On 07/18/2002 07:31:52 PM asmusf wrote:
>>Let's forget for a moment whether we're interested in ZWJ or ZWNJ. What
>you recommend to be the default behaviour with German text in the context
>of software that has no particular knowledge of German typography and a
>user that doesn't know to enter any control characters? ...
>**> Having 'elegant' typography that is incorrect is not 'elegant' it is
In other words, in a situation where a user doesn't take any steps to
control ligation and the application doesn't have particular knowledge of
German typography, you'd prefer to see no standard ligatures used for
In that case, it seems to me that the best way to implement that behaviour
(given current OT specs) is:
- have German-specific lookups in a OT font
- in the German tables, do not apply any of the standard ligatures by
default -- i.e. no liga lookups (the documentation on this feature says
that apps should have this on by default, regardless of language -- see
- in the German tables, include lookups the standard Latin ligatures (ff,
etc.) under the dlig feature
- in the German tables, still include lookups under the dlig feature (or,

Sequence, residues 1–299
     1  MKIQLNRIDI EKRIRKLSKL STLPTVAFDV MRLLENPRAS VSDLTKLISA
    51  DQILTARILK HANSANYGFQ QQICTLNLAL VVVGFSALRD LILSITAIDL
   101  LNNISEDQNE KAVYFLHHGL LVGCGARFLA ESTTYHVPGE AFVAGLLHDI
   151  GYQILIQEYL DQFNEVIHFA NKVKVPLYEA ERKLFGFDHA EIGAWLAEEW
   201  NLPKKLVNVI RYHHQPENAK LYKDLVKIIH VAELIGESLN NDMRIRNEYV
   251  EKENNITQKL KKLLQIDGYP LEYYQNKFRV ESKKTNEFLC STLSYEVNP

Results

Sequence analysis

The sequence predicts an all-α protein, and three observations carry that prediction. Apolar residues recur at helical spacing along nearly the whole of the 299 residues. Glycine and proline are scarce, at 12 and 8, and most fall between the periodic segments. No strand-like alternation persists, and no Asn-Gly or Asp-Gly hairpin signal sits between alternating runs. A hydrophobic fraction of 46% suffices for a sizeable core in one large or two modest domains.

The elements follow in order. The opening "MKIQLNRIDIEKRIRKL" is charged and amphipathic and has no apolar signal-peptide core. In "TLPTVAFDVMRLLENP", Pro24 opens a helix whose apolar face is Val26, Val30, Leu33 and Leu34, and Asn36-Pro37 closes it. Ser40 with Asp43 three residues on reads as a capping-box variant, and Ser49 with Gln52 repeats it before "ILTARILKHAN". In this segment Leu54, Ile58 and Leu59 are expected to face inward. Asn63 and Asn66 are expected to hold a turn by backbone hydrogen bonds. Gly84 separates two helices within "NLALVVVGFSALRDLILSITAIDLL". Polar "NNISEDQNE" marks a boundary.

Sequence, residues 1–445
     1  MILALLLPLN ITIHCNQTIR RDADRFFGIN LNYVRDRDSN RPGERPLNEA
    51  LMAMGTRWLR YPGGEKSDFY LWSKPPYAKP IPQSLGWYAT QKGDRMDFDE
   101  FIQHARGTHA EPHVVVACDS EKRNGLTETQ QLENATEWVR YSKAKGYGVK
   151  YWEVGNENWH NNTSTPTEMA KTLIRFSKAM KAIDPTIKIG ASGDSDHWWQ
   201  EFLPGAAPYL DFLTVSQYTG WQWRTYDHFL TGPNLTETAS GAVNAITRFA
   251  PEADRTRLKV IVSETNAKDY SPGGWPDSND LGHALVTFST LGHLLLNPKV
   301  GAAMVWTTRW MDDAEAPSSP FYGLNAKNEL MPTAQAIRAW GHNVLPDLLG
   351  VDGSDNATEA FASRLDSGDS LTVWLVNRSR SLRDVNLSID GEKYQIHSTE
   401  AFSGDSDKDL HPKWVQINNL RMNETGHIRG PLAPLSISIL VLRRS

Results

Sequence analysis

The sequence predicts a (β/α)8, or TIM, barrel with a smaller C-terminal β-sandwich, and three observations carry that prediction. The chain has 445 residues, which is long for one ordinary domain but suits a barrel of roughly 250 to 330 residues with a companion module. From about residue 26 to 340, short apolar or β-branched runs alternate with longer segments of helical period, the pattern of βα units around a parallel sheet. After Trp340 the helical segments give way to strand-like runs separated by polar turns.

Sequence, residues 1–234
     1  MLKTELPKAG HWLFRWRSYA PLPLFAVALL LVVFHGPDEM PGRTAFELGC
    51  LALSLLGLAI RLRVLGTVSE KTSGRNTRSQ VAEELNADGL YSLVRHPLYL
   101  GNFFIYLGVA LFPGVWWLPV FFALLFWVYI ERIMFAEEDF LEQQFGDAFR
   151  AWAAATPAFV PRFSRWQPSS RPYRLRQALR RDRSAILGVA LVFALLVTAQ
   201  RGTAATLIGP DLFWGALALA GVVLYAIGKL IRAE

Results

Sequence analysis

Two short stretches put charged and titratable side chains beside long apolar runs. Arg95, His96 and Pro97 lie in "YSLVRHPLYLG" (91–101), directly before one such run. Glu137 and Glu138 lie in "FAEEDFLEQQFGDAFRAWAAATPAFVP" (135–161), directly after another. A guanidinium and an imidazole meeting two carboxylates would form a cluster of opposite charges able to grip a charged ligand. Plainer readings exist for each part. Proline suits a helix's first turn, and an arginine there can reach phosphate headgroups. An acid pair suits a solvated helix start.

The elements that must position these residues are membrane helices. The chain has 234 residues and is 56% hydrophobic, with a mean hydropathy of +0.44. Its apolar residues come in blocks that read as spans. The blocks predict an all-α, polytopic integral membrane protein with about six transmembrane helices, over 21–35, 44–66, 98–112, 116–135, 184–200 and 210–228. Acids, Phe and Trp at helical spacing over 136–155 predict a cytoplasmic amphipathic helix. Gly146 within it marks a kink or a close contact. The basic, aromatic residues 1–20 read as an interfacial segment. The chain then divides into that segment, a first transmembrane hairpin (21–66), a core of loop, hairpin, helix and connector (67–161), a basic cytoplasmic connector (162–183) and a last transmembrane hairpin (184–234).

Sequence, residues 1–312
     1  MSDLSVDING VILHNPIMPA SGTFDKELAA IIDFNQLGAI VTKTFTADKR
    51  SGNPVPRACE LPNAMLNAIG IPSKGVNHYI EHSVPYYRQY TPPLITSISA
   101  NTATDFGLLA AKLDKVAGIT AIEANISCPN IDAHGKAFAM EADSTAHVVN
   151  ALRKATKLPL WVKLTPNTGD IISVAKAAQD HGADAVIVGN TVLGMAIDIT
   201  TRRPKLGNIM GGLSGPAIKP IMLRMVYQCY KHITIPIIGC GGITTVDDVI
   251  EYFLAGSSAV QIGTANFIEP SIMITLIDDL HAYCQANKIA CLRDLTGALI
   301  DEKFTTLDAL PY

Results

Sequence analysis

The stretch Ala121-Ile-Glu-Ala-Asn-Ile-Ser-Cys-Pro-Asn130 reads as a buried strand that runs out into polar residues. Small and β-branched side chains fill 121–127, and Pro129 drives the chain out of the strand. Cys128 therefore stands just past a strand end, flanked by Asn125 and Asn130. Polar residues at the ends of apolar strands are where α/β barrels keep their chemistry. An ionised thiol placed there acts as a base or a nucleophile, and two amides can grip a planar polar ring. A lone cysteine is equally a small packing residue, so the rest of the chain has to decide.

per John's proposal, an rlig feature) that allow for ZWJ, even though these
should never be needed for German (include them in case they do occur).
Then, if a user wants ligatures, they activate them using the dlig feature,
and then add ZWNJ to block those that are undesireable (or the application
automates this for them).
What isn't handled well in this scheme is to distinguish the common Latin
ligatures -- ff, fi etc. -- from those that are less common -- ct, st, etc.
The problem here is that the German user wanting standard liguatures would
be applying the dlig feature globally to their text, which isn't how use of
the dlig feature was envisioned.
I see two ways to deal with that:
1) Change the spec with regard to the liga feature (the "UI Suggestion"
section) to say that this feature should be active by default, except in
the case of German. The problem with this is that the list of writing
systems for which this may be needed might not be limited to German, and is
not yet known. This results in a maintenance problem for the spec.
2) Register another feature, slig (say), that can be used for cases like
German where the standard ligatures are not handled by the liga feature
(which would remain on by default for all languages), so that there's a way
to active standard ligatures globally without at the same time activated
less common ligatures.
Non-Roman Script Initiative, SIL International
7500 W. Camp Wisdom Rd., Dallas, TX 75236, USA
Tel: +1 972 708 7485
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